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Now, in chapter 15:
The word of the LORD came unto me saying, Son of man, What is the vine tree more than any tree ( Ezekiel 15:1-2 ),
Now you remember God said concerning the nation Israel in Isaiah, chapter 5, that God had planted a pleasant vineyard, the nation of Israel. He put a hedge around it, built walls around it, fenced it in, built a winepress therein and He came at the time of harvest that He might partake of the fruit from His vine. But, behold, it had wild grapes. "What shall I do? I'll let the wall go into deterioration. I'll let the weeds grow in. I'll let the vine just go to pot and I won't watch over it. I won't come to it anymore." The vine failed to bring forth fruit. And thus saith the Lord concerning the nation Israel, "You've been My vine. What else could I have done for you, but what I've already done? And yet you haven't brought forth fruit." And of course, brings to mind, Jesus in Matthew...in John's gospel, chapter 15, "I am the true vine, My Father is the husbandman, every branch in Me that bringeth forth fruit..." and all.
Ye are the branches, and the whole idea and the purpose of God for you is that you might bring forth fruit unto God. There is only one purpose, there is only one value, one thing that a vine is good for, and that is to bring forth fruit. And He is pointing that out here, and that's the whole gist of chapter 15. The vine has one purpose only, to bring forth fruit. And if it doesn't bring forth fruit it's worthless for anything else.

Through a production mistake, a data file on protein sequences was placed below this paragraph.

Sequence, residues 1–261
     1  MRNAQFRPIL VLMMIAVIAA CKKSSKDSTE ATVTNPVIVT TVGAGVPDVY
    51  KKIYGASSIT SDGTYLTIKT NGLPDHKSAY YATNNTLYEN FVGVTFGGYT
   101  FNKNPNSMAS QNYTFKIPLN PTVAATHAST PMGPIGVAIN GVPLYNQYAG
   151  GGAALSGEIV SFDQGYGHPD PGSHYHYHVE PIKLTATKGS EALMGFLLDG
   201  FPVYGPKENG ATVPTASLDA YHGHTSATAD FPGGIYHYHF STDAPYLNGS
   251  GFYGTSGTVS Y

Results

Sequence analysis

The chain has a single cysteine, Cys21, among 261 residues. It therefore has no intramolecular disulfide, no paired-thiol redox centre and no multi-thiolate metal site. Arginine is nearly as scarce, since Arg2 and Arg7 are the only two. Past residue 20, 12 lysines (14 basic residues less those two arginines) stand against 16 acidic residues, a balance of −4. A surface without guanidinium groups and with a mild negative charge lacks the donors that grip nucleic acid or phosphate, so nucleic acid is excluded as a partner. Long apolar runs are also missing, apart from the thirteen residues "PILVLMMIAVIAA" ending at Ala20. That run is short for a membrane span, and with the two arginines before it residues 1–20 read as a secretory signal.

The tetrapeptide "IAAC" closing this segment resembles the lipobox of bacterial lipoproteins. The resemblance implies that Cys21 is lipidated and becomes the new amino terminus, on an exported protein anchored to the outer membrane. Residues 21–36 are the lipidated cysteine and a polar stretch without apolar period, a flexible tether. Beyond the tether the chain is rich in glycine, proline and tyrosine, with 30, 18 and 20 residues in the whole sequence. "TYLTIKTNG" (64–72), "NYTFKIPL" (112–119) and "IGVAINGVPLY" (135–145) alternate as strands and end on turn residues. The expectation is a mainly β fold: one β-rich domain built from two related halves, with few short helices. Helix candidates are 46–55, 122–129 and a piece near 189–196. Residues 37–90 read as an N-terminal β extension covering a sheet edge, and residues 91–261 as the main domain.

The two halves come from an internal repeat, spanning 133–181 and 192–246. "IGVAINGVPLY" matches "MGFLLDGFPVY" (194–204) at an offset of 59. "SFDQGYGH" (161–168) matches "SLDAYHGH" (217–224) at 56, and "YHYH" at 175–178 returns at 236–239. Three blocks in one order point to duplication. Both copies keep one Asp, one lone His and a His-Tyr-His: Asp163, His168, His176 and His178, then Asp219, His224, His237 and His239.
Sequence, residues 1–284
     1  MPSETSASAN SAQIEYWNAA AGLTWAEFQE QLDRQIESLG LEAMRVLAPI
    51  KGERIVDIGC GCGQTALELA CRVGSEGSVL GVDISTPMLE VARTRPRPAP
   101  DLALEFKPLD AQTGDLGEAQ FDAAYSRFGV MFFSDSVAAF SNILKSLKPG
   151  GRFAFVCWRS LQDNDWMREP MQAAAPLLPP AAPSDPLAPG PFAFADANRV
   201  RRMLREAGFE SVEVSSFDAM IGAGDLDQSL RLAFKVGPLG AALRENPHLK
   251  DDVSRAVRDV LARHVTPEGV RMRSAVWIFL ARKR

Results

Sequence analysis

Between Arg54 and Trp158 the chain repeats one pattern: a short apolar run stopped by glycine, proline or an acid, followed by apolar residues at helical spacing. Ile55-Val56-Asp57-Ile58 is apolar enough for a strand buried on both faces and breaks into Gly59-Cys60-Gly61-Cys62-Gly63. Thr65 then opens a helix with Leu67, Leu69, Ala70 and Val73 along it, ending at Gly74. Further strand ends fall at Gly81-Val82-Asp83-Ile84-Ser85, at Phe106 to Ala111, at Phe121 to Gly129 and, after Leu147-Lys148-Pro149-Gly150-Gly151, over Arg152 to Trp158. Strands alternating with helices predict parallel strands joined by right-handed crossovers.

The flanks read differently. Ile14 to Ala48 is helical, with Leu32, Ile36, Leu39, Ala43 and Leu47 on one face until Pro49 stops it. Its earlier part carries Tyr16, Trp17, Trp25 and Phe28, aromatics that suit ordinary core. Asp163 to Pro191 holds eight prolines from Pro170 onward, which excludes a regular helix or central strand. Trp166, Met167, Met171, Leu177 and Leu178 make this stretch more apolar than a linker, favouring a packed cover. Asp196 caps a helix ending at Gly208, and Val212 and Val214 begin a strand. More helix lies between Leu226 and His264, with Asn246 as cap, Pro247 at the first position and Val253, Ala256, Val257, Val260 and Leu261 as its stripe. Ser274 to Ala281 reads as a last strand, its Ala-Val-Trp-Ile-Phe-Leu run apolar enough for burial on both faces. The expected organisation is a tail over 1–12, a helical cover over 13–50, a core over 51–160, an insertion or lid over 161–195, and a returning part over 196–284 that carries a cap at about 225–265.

Shall wood be taken thereof to do any work? ( Ezekiel 15:3 )
Can you build you a bookcase out of the wood from a grape vine? No way! The wood is not good for working. You can't make anything out of vines. Actually, the vine begins to rot almost immediately and it becomes very weak and you can't put any weight on it or anything else. Neither can you use it for pegs; it has no value. You can't even use it for a pin to hang something on, because it'll just rot and fall. It just sort of becomes hollow inside and just like a piece of paper; it just falls. It has no value for wood at all.
Behold, it is cast into the fire for fuel; but the fire devours both ends of it ( Ezekiel 15:4 ),
It makes punkish kind of fuel. It doesn't even burn good. There's only one thing that a vine is good for and that is to bring forth fruit.
Now, you are God's vineyard, is what the Lord is saying, and there's only one thing that God is desiring from you and that is that you bring forth fruit. "Herein is My Father glorified," Jesus said, "That you bear much fruit" ( John 15:8 ). God wants your life to be fruitful for Him. That you might bring forth those fruits of righteousness from your life unto the Lord.
Behold, when the vine was whole, it wasn't good for any work: how much less for work, when the fire has devoured it, and it is burned? Therefore thus saith the Lord GOD; As the vine tree among the trees of the forest, which I have given to the fire for fuel, so will I give the inhabitants of Jerusalem ( Ezekiel 15:5-6 ).
They haven't brought forth fruit; they're good for nothing. And thus, I'll just let them burn like a punk.